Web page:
User Tag List

Informational! Informational!:  0
Likes Likes:  0
Results 1 to 7 of 7

Thread: Which of these Drosera

  1. #1
    Lauderdale's Avatar
    Join Date
    May 2003
    Location
    Fort Lauderdale
    Posts
    1,077
    Mentioned
    0 Post(s)
    Tagged
    0 Thread(s)
    I would appreciate info on which, if any of the following need a dormancy period: D. intermedia, D. adelae, D. binata Dichotoma, D. filiformis Red, D. capillaris, D. x hybrida and D. Burmannii green. Tamlin?
    I know...I know...I should buy "Savage Garden" but I am waiting for the new edition due in December
    [img]http://www.**********.com/iB_html/non-cgi/emoticons/confused.gif[/img]




  2. #2

    Join Date
    Dec 2001
    Location
    Oswego, New York, U.S.A.
    Posts
    5,290
    Mentioned
    0 Post(s)
    Tagged
    0 Thread(s)
    You don't need the Savage Garden, you have me,LOL.

    If your D. intermedia forms a hibernacula it is a temperate form and will nned dormancy. So will D. 'California Sunset' which I presume is your D. Hybrida. The jury is still out on D. filiformis var filiformis Red Form, Washington Co., Fla. It is supposed to be non-dormant, but I suspect it may profit from a winter rest. If yours forms hibernacula, it needs dormancy. For the temperate forms, if they form a hibernacula, they are dormant, if not then let them grow. They will tell you what they need. Try to keep the photoperiod close to natural length, and the initiation of the hibernacula will be a natural process.

    All the other forms atr tropicals, or may be treated as tropicals. Note however, that D. binata is a light hungry species, and unless you can give the plant adequate winter light (read LOTS of light) it might be best to encourage it to go dormant, and provide a Sarracenia like dormancy for it. It will go dormant in cold conditions, and return in the spring.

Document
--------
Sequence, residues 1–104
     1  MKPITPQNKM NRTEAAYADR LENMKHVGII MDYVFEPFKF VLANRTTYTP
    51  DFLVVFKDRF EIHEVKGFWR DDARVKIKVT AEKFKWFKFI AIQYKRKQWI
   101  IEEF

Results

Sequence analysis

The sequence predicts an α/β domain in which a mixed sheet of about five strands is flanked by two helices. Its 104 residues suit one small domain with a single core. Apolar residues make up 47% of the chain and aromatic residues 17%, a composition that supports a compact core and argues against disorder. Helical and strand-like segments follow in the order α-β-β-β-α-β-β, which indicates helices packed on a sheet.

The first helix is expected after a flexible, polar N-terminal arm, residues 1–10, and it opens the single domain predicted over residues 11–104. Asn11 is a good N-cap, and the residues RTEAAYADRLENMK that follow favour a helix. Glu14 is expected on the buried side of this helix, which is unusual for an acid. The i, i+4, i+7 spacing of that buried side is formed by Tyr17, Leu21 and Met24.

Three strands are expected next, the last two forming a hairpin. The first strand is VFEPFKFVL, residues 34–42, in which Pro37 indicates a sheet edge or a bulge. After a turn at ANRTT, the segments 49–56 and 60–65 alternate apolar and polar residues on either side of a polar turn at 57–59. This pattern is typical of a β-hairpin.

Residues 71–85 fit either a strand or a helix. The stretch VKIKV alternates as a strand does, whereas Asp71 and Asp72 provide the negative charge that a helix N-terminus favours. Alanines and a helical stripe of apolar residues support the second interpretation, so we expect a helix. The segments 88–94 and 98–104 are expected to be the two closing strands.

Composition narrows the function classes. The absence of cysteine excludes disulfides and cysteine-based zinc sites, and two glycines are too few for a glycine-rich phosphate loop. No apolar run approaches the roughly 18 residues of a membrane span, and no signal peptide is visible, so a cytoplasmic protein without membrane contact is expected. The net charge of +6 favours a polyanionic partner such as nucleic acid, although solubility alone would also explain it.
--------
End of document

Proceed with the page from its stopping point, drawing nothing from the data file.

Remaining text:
Some forms of D. capillaris experience a summer dormancy, but all grow well throughout the winter for me.

    -Savage Tamlin
    "Grow More, Share More"

  3. #3

    Join Date
    Apr 2003
    Location
    Cambridge, MA, USA
    Posts
    818
    Mentioned
    0 Post(s)
    Tagged
    0 Thread(s)
    Be very careful with that red filiformis. Mine (i brought back from Orgel's Orchids) died when i had it outside a month ago, and after seeing it for sale on CCs webpage (with the explicit warning that cold soil would kill it), i think it was the cool fall nights. Apparently it grows near warm lakes in the wild. Interesting, useful facts... a bit late.

    Edit: But then, you live in Ft. Lauderdale, don't you... not much danger of cold nights... never mind. [img]http://www.**********.com/iB_html/non-cgi/emoticons/wink.gif[/img]
    There's no 'a' in perlite.

    My Growlist
    NECPS.org - New England CP growers unite!

  4. #4
    Lauderdale's Avatar
    Join Date
    May 2003
    Location
    Fort Lauderdale
    Posts
    1,077
    Mentioned
    0 Post(s)
    Tagged
    0 Thread(s)
    Ooook! What in the world is a hibernacula? My dictionary doesn't have that one.
    Your statement about summer dormancy for D. capillaris is very interesting. Sure "nuff it started into a pretty drastic decline about the beginning of August. At exactly the same time my fillaformis red and my binata dichotoma began a swift descent to a near death experience. All three began to recover about a week ago. Is it possible such a diverse group of plants could have been experiencing a short summer dormancy at the same time? [img]http://www.**********.com/iB_html/non-cgi/emoticons/confused.gif[/img]

  5. #5

    Join Date
    Dec 2001
    Location
    Oswego, New York, U.S.A.
    Posts
    5,290
    Mentioned
    0 Post(s)
    Tagged
    0 Thread(s)